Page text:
Many of the transport solutions we develop impact the spaces in which New Zealanders live, work and play. As we develop our transport networks, we’re working to ensure they follow quality urban design principles, taking into account where they are built, the purposes they fulfil and the user experience.
Urban design is design that seeks to create desirable places for people to live, work and play. It involves the design and placement of buildings, roads, rail, open spaces, towns and cities. It focuses on the relationship between built form, land use and open space, natural features and human activity. Good urban design creates spaces that function well, have a distinctive identity and visual appeal.
We recognise that our activities impact the living environments of New Zealanders. As a signatory to the New Zealand Urban Design Protocol (external link) , we're committed to planning for, developing and promoting quality urban design.
Our challenge is to incorporate this commitment into all aspects of our business. For us this means ensuring:
Urban design applies to all areas of the state highway network and is a multi-disciplinary approach to improve the quality of life for communities. Urban design, as it applies to state highway infrastructure in urban and rural settings, responds to the natural and built environment. It concerns the design of state highways in response to place and their contribution to the physical form, functioning and visual quality of the regions through which they pass and serve.
Bridging the gap presents the Transport Agency's urban design objectives and requirements. It set out 10 fundamental urban design principles which should guide the development of transport projects and contains best practice on detailed design aspects.
The guidelines seek to improve the understanding of what good urban design means in a transport project. The guidelines are intended for consultants, contractors, project managers, stakeholders and the community who participate in the planning, design, construction and maintenance of our transport networks. They are also intended for other Transport Agency staff whose work and actions affect urban design outcomes.
Landscape guidelines (final draft) September 2014 replaces the Transport Agency's Guidelines for highway landscaping 2006. The guidelines recognise the important contribution landscape thinking, landscape planting, landscape design, implementation and management provides in the delivery of quality infrastructure. The guideline outlines the key considerations and critical steps to be followed when assessing, designing, constructing and maintaining state highway landscape assets. The document demonstrates the Transport Agency's commitment to landscape outcomes, and our concerns for the environment and communities.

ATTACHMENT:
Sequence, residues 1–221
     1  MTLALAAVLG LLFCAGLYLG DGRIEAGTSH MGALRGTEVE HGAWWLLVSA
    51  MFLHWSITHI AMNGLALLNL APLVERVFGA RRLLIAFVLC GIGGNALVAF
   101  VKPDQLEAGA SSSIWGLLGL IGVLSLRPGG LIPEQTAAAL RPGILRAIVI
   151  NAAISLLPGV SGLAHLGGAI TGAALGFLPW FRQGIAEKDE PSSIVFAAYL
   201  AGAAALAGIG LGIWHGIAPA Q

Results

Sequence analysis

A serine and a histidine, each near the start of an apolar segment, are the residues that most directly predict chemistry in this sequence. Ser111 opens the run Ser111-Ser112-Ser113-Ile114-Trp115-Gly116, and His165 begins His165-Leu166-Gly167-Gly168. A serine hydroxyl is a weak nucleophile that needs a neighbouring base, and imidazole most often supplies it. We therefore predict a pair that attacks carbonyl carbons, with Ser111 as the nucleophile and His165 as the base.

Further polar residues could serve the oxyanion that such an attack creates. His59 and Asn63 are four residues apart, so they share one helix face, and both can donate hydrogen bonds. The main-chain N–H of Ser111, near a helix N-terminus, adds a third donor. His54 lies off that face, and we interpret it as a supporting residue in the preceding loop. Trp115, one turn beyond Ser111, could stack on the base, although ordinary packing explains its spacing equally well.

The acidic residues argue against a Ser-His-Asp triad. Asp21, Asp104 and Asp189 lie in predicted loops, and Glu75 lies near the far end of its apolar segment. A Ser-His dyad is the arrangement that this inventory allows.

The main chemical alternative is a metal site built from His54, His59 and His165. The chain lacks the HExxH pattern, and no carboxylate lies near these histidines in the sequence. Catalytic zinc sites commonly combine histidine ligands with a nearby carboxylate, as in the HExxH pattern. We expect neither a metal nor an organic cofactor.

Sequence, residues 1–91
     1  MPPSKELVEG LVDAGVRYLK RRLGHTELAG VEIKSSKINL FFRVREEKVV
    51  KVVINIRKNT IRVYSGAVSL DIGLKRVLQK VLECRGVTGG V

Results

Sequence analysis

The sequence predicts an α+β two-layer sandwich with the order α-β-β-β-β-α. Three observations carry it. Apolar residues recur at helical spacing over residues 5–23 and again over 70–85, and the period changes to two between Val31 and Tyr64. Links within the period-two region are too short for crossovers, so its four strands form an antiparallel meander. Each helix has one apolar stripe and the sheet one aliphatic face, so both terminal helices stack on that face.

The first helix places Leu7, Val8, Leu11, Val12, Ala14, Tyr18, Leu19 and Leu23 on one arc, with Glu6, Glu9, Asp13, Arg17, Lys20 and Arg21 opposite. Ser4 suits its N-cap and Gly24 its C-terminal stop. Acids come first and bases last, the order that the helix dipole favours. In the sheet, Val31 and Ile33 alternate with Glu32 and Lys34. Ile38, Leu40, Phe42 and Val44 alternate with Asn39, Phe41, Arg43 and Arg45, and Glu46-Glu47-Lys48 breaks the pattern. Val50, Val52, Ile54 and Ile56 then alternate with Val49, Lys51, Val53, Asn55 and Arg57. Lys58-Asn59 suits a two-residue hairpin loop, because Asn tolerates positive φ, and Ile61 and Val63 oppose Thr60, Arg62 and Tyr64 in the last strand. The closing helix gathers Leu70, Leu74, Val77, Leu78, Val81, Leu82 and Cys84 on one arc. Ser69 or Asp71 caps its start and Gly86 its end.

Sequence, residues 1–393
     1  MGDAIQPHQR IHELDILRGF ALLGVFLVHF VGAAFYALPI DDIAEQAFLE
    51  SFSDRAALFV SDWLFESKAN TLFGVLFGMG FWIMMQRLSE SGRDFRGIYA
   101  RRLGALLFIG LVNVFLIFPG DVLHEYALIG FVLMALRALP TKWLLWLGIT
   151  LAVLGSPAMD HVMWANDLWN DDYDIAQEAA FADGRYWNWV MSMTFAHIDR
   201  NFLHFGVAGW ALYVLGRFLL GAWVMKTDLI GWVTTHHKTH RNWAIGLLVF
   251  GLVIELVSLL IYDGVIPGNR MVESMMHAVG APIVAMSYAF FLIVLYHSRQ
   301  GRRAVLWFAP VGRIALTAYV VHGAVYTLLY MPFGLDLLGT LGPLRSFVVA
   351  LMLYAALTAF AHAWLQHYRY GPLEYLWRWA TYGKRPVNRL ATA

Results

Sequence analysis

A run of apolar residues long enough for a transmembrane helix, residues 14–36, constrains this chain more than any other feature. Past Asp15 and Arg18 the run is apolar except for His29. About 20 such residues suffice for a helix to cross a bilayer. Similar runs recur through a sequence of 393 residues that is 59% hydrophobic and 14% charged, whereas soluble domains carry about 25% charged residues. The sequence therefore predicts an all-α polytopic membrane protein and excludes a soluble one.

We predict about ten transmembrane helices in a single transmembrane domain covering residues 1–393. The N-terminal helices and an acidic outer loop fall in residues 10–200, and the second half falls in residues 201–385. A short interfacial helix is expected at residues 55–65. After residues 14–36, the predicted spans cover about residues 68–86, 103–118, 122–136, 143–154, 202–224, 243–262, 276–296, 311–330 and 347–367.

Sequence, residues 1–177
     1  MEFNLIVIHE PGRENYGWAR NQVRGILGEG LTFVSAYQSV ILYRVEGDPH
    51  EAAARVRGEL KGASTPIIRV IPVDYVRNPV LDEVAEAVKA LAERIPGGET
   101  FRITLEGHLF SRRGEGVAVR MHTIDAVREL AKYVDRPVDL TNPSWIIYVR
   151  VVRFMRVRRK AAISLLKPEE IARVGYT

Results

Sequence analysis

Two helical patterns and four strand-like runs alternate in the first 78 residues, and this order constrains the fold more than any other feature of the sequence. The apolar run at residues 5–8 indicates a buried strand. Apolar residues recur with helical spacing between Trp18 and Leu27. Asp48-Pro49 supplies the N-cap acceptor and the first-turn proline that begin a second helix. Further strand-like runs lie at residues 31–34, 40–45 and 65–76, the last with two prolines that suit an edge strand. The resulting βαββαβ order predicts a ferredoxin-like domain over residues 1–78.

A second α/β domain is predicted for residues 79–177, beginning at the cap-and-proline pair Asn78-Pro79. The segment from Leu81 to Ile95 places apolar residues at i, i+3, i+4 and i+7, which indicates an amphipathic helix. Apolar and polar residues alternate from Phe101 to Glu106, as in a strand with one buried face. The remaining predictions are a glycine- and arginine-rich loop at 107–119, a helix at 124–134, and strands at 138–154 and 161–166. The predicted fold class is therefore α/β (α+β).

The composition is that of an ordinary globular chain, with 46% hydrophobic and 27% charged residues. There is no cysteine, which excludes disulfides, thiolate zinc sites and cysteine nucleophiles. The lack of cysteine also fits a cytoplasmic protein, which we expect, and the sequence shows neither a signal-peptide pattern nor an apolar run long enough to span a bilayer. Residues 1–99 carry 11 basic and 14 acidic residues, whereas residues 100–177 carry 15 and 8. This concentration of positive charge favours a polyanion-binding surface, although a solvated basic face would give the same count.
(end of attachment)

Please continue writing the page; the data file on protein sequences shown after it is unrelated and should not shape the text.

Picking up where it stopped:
To achieve consistency and quality in the delivery of highway landscape treatments, the NZ Transport Agency's P39 Standard specification for highway landscape treatments sets out the minimum standards for all highway landscape projects. The baseline landscape specification sets the required performance standards, quality and workmanship for highway landscape treatments which are generally part of all highway projects.
The purpose of an urban and landscape design frameworks (ULDF) is to illustrate guiding landscape and urban design principles for a project, together with proposed concept design responses. A ULDF sets out an overall urban design vision for both the project and its integration with wider aspirations and plans in surrounding areas, including wider land use and development. In this regard, a ULDF reflects a wider strategic direction and long-term urban and landscape design vision than just the immediate project. Aspects of that design vision may be delivered in the future by others or in partnership with the Transport Agency.
Following are a selection of ULDF's developed by the Transport Agency.
To assist Transport Agency project managers, a register of experienced consultants has been identified by the Transport Agency Urban Design Team. The Urban Design Register includes various specialist professionals such as urban designers, landscape architects, architects and artists. See our state highway register of urban design professionals.
If you are interested in being on the Urban Design Register please contact firstname.lastname@example.org.
For information, suppliers and tools on noise barrier design, refer to our acoustics website (external link) . The acoustics website provides a range of information and tools to help ensure that transport noise is managed in an effective and efficient manner.
A report by Jude Wilson and Simon Swaffield presents the results of a field investigation into the environmental values and landscape preferences of key stakeholders in relation to the management of the roadside corridor of the state highway system, focusing on the West Coast of the South Island.
Email us at email@example.com to register to receive email notification of environmental updates, or for more information.